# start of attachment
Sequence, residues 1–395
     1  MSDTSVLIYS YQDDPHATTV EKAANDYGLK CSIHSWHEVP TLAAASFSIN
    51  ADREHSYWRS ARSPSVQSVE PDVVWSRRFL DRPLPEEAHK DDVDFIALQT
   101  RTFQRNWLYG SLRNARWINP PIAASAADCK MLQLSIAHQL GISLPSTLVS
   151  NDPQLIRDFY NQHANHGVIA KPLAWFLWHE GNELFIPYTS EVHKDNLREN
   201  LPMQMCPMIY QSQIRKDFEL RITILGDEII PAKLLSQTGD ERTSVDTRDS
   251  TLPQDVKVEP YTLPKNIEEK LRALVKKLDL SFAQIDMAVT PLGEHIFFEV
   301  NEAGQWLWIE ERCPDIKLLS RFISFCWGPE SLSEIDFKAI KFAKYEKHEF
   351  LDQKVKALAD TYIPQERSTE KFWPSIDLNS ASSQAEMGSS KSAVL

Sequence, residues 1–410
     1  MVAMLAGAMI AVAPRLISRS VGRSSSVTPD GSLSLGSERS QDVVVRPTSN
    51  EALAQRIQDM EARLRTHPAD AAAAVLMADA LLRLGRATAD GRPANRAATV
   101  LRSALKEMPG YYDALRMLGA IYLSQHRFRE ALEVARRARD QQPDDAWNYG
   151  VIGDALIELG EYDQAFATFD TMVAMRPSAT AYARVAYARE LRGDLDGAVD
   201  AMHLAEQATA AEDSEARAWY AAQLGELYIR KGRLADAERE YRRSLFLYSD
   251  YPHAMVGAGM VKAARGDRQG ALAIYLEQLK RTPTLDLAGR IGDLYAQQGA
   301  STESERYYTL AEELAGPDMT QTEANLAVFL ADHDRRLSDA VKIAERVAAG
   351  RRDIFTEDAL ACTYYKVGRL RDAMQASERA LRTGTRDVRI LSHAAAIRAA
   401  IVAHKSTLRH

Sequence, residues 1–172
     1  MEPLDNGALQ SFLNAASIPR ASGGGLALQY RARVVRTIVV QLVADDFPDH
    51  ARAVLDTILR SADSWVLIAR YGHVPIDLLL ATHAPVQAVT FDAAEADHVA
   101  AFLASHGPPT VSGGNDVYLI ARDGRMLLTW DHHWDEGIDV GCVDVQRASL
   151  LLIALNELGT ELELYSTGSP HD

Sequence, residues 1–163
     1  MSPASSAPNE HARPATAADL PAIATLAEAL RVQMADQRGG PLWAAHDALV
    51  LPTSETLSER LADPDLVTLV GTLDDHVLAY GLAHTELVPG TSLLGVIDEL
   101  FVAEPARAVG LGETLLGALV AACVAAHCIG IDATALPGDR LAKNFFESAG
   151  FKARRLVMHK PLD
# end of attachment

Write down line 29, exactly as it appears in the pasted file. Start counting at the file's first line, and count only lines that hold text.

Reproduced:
   151  FKARRLVMHK PLD